It had to happen sometime. Someone in the magic circle had to ask the obvious question. Why is the government solemnly paying the Bank of England interest on the government debt it has bought up? After all, the government on behalf of taxpayers, owns the Bank of England.
If I owned 100% of a private bank, and that bank bought up my mortgage from a commercial bank, I could ask my private bank to simply cancel the mortgage. I would, of course, have to tell the taxman about it! The government does not even have to do that, when it finds itself in an analogous position. The government also writes the tax law.
When asked to explain it on the BBC, Mr Peston told us that there could be a problem with the Bank’s balance sheet if the Treasury simply cancelled its debt. He said they would have to convert the outstanding gilts to irredeemables, loans with no repayment date, with zero interest. He clearly does not understand accounting or finance. Such loans would have zero value, so they would not solve the balance sheet problem Mr Peston imagines exists. Even if the zero interest bond theoretically would be repaid in many years time it would have a much reduced value from the bonds the Bank currently owns.
The government’s debts are an asset for the Bank, so anything which diminishes its value sounds like bad news.
Fortunately, Mr Peston, the Bank has bought the gilts on the back of a Treasury loan, with an idemnity from the Treasury. The Bank and the Treasury could agree to cancel the gilts (Bank assets) and cancel the Tresury loan (Bank liability), leaving the Bank’s balance sheet unscathed by the activity. The Bank would owe the Treasury the profits on the gilts it has bought, which indemnity could also be cancelled leaving the Bank all square.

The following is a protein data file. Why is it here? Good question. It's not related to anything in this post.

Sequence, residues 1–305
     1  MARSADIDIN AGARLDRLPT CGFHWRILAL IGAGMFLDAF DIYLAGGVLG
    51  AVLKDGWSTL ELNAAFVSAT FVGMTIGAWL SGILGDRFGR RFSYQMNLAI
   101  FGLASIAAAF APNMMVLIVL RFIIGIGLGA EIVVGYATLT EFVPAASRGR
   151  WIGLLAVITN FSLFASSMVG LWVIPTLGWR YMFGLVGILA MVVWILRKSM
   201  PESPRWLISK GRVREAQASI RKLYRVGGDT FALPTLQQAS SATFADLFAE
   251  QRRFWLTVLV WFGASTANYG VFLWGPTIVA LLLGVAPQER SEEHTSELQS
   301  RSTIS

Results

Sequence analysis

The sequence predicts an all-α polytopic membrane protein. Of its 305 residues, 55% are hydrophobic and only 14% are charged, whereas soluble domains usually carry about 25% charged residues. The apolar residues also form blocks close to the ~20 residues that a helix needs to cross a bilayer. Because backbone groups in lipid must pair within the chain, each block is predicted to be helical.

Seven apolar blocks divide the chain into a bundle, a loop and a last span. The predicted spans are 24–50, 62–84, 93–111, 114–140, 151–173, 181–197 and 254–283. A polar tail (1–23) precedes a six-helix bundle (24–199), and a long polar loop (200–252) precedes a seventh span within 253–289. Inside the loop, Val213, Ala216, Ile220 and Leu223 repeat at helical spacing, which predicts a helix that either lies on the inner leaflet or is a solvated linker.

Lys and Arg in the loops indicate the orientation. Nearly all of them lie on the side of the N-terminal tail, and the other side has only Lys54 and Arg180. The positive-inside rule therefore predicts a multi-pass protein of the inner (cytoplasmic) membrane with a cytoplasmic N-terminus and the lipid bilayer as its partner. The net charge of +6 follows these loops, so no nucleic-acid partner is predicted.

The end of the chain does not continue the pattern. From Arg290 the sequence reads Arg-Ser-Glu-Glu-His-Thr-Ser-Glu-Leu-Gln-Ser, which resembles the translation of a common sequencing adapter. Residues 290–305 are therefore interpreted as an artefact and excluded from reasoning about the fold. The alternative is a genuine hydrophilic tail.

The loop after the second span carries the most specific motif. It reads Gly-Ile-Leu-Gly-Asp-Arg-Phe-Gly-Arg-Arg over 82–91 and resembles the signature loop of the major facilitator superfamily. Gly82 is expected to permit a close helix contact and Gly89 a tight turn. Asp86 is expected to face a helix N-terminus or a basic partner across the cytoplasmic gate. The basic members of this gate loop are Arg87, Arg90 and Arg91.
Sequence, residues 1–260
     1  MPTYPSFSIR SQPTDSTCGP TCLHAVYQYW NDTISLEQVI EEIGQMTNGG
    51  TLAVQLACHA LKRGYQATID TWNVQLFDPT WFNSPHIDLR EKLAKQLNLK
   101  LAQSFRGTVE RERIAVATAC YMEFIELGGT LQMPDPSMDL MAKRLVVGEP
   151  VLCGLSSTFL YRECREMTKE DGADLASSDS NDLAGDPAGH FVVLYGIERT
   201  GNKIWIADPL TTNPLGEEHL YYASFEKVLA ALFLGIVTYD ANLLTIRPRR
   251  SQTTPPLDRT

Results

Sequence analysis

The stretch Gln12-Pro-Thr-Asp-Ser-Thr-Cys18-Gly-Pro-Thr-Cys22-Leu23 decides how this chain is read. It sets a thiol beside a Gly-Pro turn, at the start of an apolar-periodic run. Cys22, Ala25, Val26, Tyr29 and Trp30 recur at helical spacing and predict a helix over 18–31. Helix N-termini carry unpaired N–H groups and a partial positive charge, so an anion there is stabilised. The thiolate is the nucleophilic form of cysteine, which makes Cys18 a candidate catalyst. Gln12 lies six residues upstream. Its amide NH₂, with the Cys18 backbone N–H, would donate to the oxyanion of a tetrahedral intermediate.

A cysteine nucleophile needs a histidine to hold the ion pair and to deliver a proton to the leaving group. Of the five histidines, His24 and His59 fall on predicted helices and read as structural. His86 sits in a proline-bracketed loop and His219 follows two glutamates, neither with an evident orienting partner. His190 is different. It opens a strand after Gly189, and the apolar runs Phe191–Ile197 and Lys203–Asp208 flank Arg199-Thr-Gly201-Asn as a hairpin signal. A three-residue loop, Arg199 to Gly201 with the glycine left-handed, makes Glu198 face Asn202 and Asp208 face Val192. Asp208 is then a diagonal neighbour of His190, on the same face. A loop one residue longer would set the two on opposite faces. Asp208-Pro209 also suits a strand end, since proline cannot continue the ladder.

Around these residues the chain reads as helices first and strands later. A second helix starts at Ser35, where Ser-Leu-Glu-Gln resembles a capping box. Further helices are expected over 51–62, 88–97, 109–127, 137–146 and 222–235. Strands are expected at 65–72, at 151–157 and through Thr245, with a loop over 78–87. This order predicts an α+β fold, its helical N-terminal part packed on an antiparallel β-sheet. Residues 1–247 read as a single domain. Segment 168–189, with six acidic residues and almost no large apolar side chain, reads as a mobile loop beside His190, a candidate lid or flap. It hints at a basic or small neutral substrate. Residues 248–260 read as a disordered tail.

And should they? That is altogether a more difficult question. It would be good, at a stroke, to cut the size of the official (gilt edged) debt by almost 40%, and cut the interest burden. It would be bad to let the markets think that the UK now just intended to print as much money as it felt like spending in the public sector over and above tax revenues. That way is the road to Weimar and Zimbabwe type inflation. If they do end up cancelling this debt, they will need to show greater resolve and success in cutting the deficit and controlling future spending, not less. It would have to be a one off, coupled with obvious commitment and achievement in returning to honest spending and honest money. Confidence is a precious flower, easily killed if the authorities look and act irresponsibly.